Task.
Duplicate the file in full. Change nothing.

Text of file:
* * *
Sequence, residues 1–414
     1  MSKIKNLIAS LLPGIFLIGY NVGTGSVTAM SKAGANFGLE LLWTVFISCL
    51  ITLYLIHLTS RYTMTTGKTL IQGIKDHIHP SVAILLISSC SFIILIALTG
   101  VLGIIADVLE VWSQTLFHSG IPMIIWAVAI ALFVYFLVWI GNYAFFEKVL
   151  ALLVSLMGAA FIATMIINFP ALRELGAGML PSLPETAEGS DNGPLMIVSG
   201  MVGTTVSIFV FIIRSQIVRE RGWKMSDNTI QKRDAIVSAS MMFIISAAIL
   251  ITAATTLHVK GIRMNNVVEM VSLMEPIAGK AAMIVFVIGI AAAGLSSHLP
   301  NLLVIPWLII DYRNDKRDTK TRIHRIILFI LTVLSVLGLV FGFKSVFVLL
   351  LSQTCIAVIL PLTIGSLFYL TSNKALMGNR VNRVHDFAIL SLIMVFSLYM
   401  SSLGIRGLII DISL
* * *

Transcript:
Sequence, residues 1–414
     1  MSKIKNLIAS LLPGIFLIGY NVGTGSVTAM SKAGANFGLE LLWTVFISCL
    51  ITLYLIHLTS RYTMTTGKTL IQGIKDHIHP SVAILLISSC SFIILIALTG
   101  VLGIIADVLE VWSQTLFHSG IPMIIWAVAI ALFVYFLVWI GNYAFFEKVL
   151  ALLVSLMGAA FIATMIINFP ALRELGAGML PSLPETAEGS DNGPLMIVSG
   201  MVGTTVSIFV FIIRSQIVRE RGWKMSDNTI QKRDAIVSAS MMFIISAAIL
   251  ITAATTLHVK GIRMNNVVEM VSLMEPIAGK AAMIVFVIGI AAAGLSSHLP
   301  NLLVIPWLII DYRNDKRDTK TRIHRIILFI LTVLSVLGLV FGFKSVFVLL
   351  LSQTCIAVIL PLTIGSLFYL TSNKALMGNR VNRVHDFAIL SLIMVFSLYM
   401  SSLGIRGLII DISL